Waitsfield voters facing budget increase

By Lisa Loomis

Waitsfield voters will be asked to approve an 18-month budget at Town Meeting this year.

The select board is still working on the budget and while some line items may be adjusted, the increase over last year's budget will be about 6.7 percent, according to town administrator Valerie Capels.

The budget spreadsheet breaks out 2013 budgeted and actual expenses as well as expenses for the first six months of 2014, then 12 months from June 2014 to 2015, and then the 18-month totals. The town is switching its fiscal year from a calendar year to a July 1 to June 30 year.

The 2013 budget reflects legal fees of $53,904, significantly higher than the $10,000 budgeted for 2013. The legal fees include $31,000 paid to Virginia Houston to settle all lawsuits with the town. That $31,000 is listed as an expense of the town's municipal water project, but it was paid by the town because the water department had not yet begun billing in January 2013 when Houston was paid. Capels said it has yet to be determined whether the water project will pay the town back for the settlement.

Town road department expenses for 2013 were $138,784. The 18-month proposed budget for the road department is $209,553 and the 12-month proposal is $139,035.

The town's health insurance costs were $76,833 in 2013. The 18-month budget proposal for health care is $113,400 and the 12-month proposed budget is for $75,627.

The town's law enforcement costs are going up in the proposed budget. Net 2013 costs were $21,011. The 18-month proposed budget is $48,349 and the 12-month proposal amount is $32,135.

The town's contribution to its various reserve funds was $206,500 in 2013. The 18-month proposal is for $176,500 and the 12-month proposal is the same.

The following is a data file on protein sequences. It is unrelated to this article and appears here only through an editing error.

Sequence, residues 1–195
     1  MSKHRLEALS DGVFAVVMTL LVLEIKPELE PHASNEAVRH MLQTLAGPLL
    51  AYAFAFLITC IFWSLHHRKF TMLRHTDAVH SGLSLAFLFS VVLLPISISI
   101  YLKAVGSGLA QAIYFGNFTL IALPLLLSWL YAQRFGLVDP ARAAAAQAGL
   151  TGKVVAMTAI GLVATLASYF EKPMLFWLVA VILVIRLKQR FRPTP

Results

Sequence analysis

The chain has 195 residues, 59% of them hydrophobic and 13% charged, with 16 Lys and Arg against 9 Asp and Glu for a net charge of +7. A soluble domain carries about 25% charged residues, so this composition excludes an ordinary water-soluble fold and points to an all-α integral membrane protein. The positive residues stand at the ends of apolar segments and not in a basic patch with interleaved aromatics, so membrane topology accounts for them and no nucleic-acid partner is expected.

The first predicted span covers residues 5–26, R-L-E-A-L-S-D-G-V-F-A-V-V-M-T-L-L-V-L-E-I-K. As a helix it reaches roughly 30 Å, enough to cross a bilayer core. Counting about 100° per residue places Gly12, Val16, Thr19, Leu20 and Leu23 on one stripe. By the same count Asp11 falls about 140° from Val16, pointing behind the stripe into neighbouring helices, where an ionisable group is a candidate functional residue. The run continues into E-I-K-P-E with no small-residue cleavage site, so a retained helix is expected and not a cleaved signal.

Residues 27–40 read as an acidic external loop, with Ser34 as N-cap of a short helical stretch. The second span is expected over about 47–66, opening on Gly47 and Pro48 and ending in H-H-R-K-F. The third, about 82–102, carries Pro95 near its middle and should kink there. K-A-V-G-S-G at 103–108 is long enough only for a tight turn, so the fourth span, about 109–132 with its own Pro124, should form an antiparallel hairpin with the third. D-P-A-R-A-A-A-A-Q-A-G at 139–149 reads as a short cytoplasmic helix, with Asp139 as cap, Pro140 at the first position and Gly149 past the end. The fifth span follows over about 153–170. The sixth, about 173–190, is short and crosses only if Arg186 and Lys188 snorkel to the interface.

Net total expenses for 2013 were $1,219,424. Net 18-month total expenses are proposed at $1,911,241 and the 12-month budget is proposed at $1,396,688.


Budget increase or decrease depends on a truck

By Rachel Goff

On Monday, January 13, the Moretown Select Board discussed including an article on the ballot for Town Meeting that asks taxpayers to approve the borrowing of up to $160,000 from the town's Capital Reserve Fund to be paid back within five years to purchase a new tandem-axle dump truck for the highway department.

At the end of the evening, the board agreed to consult road foreman Martin Cameron before making a decision on whether or not to include the article at their next meeting on Tuesday, January 21. Without the dump truck purchase, Moretown's budget comes in at $1,026,646, representing a 3.9 percent decrease over last year's budget of $1,068,802.

According to a recommendation from select board member Reed Karrow, if the town chose to purchase a new tandem-axle dump truck, rather than borrowing money from the bank at about 4 percent interest, it could borrow money from the town's Capital Reserve Fund at 1 percent interest.

If the town paid back the purchase at a slightly higher interest rate of 2 percent—in order to build the Capital Reserve Fund—over a three-year period, the first payment would add about $55,000 to next year's budget, representing a 1.2 percent increase over last year's rather than a 3.9 percent decrease.

According to Karrow, the body of the 2004 tandem-axle dump truck is scheduled to be replaced in one year anyway, which will cost the town about $29,000 and even afterwards the highway department is unsure how long the truck will last. "Anything with metal, prices are going up astronomically," Karrow said, and the town could save money replacing the body and instead put it towards a new truck.

According to estimates, the town will get about $40,000 for trading in the 2004 tandem-axle truck. A new truck will likely cost between $180,000 and $190,000, bringing the total purchase price down to about $150,000. To allow for some fluctuation, if the town includes an article on the ballot for Town Meeting Day it will ask for voters to approve borrowing up to $160,000.

If the purchase of a new truck is an article on the ballot, "we can explain it," select board chair Tom Martin said, "and then let it go to the voters to decide."

One thing the select board plans to look into before deciding whether or not to include the article is the status of the town's 2007 tandem-axle dump truck, which, depending on the condition it's in, the town could trade in instead and keep the 2004 truck.

Select board assistant Cheryl Brown also pointed out that depending on when the town purchases the new truck, the first payment to the Capital Reserve Fund may not need to take place until 2015 and, therefore, could be included in next year's budget rather than this year's.

The select board will meet again on Tuesday, January 21, to set the final town budget after consulting with Cameron as to the relative reliability of the 2004 and 2007 trucks.